January 13, 1946 - September 19, 2020
Mary Elizabeth “Betsy” Diedrich Walker passed away peacefully on Sept. 19, 2020. She was 74.
She was born in Oxnard, California, on Jan. 13, 1946, one of eight siblings. Young Betsy’s brazen exuberance could not be constrained, and consequences ranged from suffering a hernia to crashing a runaway tractor into a woodpile. In her Santa Clara High School yearbook, a photo caption of her as a cheerleader declared “Betsy leaps for joy.”
With German ancestors who settled in Southern California in the 1880s to till the soil, Betsy was a farm girl at heart. But from an early age, her curiosity was piqued by far-off places. The first was Mexico, whose warm winds and vibrant colors enchanted her since a childhood visit with her family. It also was in Mexico that she built her Spanish fluency, the stepping stone into her career in education.
And it was her love of travel that prompted a mutual friend to set her up on a blind date with another world wanderer, Greg Walker, during her days at Seattle University. Betsy and Greg quickly became co-adventurers in life and were married in Seattle in 1967. Four years, an infant, and many countries later, they moved to a 36-acre expanse north of Sandpoint, Idaho.
At their homestead amid livestock and his-and-hers gardens, Betsy lovingly nurtured two children and strived to make her corner of the world a more beautiful place. In the fall, a highlight was making jam from raspberries she picked. The nearby woods were a place she foraged for morel mushrooms and gazed at barred owls, black bears and white-tailed deer. Occasionally, a herd of elk gathered solemnly in the farm’s misty meadow. Throughout her life, she engaged the world around her with a genuine wide-eyed wonderment.
Betsy was often content to take it easy in overalls and bare feet, but she certainly adored costumes. As a teenager in the 1960s, she once drove the length of Hollywood’s Sunset Boulevard wearing a gorilla mask. At Easter gatherings of her large and close-knit clan, she was known to appear in a full-body Peter Cottontail suit. She amassed vintage clothing, hats and jewelry over the years, and fervently encouraged family and friends to step outside their comfort zone and embrace an outlandish new look.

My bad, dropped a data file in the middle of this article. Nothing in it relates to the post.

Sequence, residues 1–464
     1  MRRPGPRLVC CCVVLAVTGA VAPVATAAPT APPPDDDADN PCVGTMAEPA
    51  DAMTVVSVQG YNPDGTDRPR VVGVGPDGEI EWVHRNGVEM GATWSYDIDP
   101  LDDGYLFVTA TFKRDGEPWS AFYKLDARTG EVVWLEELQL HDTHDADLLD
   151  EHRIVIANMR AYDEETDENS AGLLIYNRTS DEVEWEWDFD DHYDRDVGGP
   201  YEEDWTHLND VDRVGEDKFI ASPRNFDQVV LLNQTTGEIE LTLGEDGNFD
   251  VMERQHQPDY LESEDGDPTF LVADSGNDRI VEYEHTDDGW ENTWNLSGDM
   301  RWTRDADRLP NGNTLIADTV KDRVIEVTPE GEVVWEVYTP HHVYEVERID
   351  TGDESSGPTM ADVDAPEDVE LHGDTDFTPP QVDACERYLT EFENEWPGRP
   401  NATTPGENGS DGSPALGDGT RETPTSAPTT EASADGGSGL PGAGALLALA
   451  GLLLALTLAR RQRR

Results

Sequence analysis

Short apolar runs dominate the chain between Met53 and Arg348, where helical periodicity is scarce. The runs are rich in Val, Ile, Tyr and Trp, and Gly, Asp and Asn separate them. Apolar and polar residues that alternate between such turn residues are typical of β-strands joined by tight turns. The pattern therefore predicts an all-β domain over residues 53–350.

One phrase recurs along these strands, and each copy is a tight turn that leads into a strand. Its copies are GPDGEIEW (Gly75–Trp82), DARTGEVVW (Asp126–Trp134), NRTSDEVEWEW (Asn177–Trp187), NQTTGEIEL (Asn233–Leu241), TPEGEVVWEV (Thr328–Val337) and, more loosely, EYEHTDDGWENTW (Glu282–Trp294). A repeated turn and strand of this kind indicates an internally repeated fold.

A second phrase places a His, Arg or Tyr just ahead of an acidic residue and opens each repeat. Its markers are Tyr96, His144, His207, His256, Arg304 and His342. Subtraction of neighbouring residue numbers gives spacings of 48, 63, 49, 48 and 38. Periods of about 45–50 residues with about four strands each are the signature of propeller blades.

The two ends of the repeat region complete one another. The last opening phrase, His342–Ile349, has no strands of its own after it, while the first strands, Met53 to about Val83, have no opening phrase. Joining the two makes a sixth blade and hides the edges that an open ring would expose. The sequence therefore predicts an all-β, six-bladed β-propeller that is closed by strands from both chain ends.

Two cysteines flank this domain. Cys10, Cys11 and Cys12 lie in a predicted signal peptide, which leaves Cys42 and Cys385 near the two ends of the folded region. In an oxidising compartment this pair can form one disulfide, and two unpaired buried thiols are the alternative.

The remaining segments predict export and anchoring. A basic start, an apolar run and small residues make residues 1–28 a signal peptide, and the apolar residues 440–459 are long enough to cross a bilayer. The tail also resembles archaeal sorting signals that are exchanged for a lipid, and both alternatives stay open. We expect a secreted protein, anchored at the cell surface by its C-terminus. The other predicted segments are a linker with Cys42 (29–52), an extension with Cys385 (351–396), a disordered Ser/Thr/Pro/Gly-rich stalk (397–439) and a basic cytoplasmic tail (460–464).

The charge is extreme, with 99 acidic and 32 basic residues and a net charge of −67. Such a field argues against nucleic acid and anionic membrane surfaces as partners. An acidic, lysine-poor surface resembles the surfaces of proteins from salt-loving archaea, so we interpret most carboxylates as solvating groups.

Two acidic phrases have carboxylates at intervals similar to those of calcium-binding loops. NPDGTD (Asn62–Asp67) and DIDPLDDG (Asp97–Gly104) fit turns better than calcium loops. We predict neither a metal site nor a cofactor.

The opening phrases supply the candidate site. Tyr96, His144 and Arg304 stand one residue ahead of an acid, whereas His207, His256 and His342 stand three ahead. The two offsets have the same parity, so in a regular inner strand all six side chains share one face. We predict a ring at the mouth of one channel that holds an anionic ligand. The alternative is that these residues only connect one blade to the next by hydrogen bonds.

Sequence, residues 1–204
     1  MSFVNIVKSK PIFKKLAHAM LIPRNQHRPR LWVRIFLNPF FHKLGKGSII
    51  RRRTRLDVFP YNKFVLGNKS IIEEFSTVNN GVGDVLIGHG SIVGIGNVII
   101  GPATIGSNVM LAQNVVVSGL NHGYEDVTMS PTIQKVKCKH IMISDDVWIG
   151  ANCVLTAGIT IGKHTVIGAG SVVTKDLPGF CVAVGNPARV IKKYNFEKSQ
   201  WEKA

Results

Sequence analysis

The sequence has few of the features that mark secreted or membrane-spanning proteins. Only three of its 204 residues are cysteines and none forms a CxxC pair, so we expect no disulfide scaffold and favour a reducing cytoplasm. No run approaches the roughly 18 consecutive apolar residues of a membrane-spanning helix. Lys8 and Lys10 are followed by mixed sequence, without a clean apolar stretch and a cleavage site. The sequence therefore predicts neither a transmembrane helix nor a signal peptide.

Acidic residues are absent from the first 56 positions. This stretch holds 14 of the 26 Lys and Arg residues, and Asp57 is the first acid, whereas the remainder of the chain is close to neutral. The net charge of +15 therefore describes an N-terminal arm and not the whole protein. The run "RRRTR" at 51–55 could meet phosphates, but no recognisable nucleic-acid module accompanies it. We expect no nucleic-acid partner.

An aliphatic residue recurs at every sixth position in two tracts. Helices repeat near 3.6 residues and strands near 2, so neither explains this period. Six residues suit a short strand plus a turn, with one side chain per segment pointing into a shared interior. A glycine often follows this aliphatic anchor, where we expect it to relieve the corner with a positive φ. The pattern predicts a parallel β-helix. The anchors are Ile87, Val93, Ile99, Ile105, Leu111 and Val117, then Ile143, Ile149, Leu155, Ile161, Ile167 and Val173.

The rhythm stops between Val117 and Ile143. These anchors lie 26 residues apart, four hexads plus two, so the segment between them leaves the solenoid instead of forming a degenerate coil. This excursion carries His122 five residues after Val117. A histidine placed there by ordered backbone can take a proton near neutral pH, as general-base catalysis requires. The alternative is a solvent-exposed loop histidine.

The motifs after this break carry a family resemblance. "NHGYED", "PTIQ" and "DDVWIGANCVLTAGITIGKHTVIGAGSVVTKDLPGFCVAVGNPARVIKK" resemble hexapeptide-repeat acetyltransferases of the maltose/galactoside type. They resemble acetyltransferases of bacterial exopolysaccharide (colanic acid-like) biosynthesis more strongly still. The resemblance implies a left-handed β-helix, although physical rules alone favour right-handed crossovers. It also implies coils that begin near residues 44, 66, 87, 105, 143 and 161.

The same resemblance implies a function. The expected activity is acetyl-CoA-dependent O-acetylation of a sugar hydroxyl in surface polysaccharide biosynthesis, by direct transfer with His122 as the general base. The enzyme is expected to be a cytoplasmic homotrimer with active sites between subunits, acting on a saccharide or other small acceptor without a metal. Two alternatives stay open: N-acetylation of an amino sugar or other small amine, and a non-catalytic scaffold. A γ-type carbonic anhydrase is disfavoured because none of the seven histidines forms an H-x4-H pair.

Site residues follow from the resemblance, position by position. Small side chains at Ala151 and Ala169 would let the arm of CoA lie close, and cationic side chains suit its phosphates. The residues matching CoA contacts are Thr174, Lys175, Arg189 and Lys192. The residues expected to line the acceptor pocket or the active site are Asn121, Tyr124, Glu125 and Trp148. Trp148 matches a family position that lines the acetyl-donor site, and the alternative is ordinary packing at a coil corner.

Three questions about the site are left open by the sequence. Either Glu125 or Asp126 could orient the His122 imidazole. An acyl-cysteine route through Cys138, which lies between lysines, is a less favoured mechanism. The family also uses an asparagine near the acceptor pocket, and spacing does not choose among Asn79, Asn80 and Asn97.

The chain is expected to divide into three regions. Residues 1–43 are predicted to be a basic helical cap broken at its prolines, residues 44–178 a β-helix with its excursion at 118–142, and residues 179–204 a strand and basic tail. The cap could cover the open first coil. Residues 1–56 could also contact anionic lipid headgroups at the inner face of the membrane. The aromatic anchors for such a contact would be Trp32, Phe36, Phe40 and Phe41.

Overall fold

This mirthful brand of play was instrumental to her ability to connect with students of all grade levels — as a teacher, a guidance counselor and eventually an administrator at public schools in Sandpoint and beyond. She brought a vivacious flair to her work, whether it was laughing over imaginary lesson plans with colleagues or staging a shaving cream fight among staff members. In California’s Central Valley, she used her Spanish skills to build bridges with students and parents in the migrant farmworker community. One of her favorite events was awards day, where she personally celebrated children for their accomplishments.
Betsy was a respected professional who knew how to skillfully manage the dynamics of a school system. She was central to managing a major remodel of Kootenai Elementary in 2010. Schools and individuals thrived under her leadership.
After retirement, Betsy engaged in new volunteer pursuits, including the Community Assistance League of Sandpoint and the Bonner Community Hospice bereavement group, and embarked on further world travels with Greg and other family members.
It’s no secret that Betsy was always delightfully loopy, but in recent years a cruel dementia took over her mind and body, and her effervescence was flattened. Her loved ones are devastated by the loss but take comfort that dear Betsy, once again, is leaping for joy.
She is survived by her husband, Greg Walker of Sandpoint; children Hon Walker (Scot) of Portland, Oregon, and Holly Walker of Sandpoint; grandchildren Della Rose Wheatcroft and Miles Wheatcroft of Sandpoint; siblings Patsy Miller of Littleton, Colorado, John (Ann) Diedrich of Firebaugh, California, Ellen (Bob) Lizotte of Hope, Idaho, Bill (Karen) Diedrich of Fresno, California, Bob (Pam) Diedrich of Stephenville, Texas, Dan Diedrich of Fresno; sister-in-law Jackie Diedrich of Firebaugh; and 29 nieces and nephews.
She also leaves a beloved expanse of extended family, in-laws, “goddesses” and other lifelong friends; loving caregivers at the Luther Park facility; a devoted Australian shepherd, Eddie; and a troupe of farm cats whose quantity is unknown.
Betsy was preceded in death by her parents, Milton and Ella Mae Diedrich, and her brother Jim Diedrich.
A private graveside service and burial was held last week at Pack River Cemetery. Due to Covid-19, it’s not currently possible to have the raucous standing-room-only celebration that Betsy’s footloose life warrants. Details will emerge of an eventual plan for her family and friends to honor her life properly.
Her family requests that any remembrances be made to the scholarship funds of either the Community Assistance League or the Panhandle Alliance for Education. Tributes can be left at lakeviewfuneral.com.